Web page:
Not your standard stroll
My wife and I love to take a walk after dinner every evening, usually along the shores of Vancouvers False Creek inlet with mugs of tea in hand. Perhaps tonight well set down our tea and instead pick up a pair of lightweight Nordic walking poles for our stroll.
My wife and I love to take a walk after dinner every evening, usually along the shores of Vancouver’s False Creek inlet with mugs of tea in hand. Perhaps tonight we’ll set down our tea and instead pick up a pair of lightweight Nordic walking poles for our stroll.
Nordic walking originated in Finland, where in the 1930s cross-country skiers began using poles for summer training exercises. Clinical studies conducted by sports medicine researchers have since shown that using poles in the Nordic walking style increases both cardiovascular and muscular fitness.
As a sport that requires specific training equipment, Nordic walking was launched in 1997 by a Finnish sports equipment manufacturer and has since spread throughout Europe. There are an estimated 3.5 million participants in Europe and 3,000 trained instructors.
Nordic walking poles are light and have rubber-capped carbide tips that can grip rough surfaces, as well as ice and snow. They range from $60 to $100 and come with adjustable wrist straps that allow participants to use the special “grip-n-go” technique that Nordic walking is famous for.
The technique, however, can take some getting used to, as the poles’ tips are planted behind the body rather than in front like a walking staff. Many pole brands are telescopic, meaning the length can be easily adjusted.
Every step should start with a participant’s grounded heel rolling toward the ball and toe of his or her foot. Participants should then use their toes to push themselves into the next step.
The poles should be gripped firmly when striking the ground, and as they are drawn back, the walker’s closed hands should open slightly. To work mid-torso muscles, participants must swing their torso and hips counter to the motion of their arms and poles.
Common mistakes to watch for include holding the poles too far apart or planting them ahead of your feet. They should be held at a 45-degree angle and the tips should never be planted in front of your body.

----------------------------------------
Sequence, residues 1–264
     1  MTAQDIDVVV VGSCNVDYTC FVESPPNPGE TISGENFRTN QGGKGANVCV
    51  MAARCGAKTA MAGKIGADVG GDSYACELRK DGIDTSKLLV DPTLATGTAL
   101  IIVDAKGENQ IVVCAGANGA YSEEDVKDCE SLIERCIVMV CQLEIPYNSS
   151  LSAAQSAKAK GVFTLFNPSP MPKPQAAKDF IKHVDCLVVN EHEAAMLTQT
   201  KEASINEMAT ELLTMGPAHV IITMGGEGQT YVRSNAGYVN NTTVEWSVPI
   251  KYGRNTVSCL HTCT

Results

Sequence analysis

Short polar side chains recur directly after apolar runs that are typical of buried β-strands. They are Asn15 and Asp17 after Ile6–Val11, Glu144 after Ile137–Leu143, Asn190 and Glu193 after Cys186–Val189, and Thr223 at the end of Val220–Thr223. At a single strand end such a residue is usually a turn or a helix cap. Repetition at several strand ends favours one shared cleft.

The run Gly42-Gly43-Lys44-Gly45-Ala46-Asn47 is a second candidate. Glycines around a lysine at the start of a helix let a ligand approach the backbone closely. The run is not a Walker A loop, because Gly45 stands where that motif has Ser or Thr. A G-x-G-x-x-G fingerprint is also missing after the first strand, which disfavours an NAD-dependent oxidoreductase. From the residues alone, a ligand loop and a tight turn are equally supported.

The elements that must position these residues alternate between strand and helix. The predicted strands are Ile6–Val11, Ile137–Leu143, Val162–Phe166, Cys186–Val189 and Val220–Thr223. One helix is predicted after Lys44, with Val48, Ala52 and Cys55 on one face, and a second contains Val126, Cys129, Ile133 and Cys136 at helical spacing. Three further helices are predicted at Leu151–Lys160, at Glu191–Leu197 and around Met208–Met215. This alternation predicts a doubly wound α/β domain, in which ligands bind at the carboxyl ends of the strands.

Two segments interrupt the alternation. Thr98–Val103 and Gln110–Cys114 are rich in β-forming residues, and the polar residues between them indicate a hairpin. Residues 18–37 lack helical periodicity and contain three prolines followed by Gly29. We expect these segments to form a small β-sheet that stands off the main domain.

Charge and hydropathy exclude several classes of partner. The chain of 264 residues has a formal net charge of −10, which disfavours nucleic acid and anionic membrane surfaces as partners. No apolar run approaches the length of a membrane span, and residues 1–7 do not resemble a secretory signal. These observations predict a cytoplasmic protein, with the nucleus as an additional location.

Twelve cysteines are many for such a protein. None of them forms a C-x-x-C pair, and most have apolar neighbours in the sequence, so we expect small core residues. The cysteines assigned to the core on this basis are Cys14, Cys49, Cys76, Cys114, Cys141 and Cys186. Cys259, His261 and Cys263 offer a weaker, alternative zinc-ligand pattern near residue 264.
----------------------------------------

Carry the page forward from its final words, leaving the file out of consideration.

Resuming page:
Participants should also ensure they’re not planting their feet and poles on the same side, which neutralizes the counter-swinging motion of the hips that is crucial to exercising the body’s upper core.
Running works 60 percent of a person’s muscles, while Nordic walking exercises 90 percent. Moreover, the sport’s full aerobic workout allows participants to burn up to 400 calories per hour— 40 percent more than with regular walking. Best of all, these substantial benefits are achieved without participants feeling like they are overexerting themselves.
In an interview with the Victoria Times Colonist, Paula Artley, a Nordic walking master trainer, claims that “if you’re in an office all day, [Nordic] is good for loosening the area around your shoulders and neck.” Artley says that Nordic walking tones your upper body and the poles take pressure off the knees, which makes Nordic walking ideal for people suffering from joint soreness and other arthritic conditions.
“You’re getting almost a double workout,” she says.
Another nice aspect of Nordic walking is that it may be adapted to a person’s needs. It can provide a high-intensity, full-body workout for serious athletes, or it can be practised by the physically challenged or for rehabilitation purposes. This sort of resistance training can also increase bone density in postmenopausal women.
Walking is the most basic form of transportation and exercise, and it can also be a great way for computer-chained professionals to escape the office. It may not feel like the same level of workout you’d get at the gym, but that’s one of its main benefits. You don’t need that expensive membership at a gym to stay in shape.
And it might just allow you to get some of that fresh air you’ve been missing.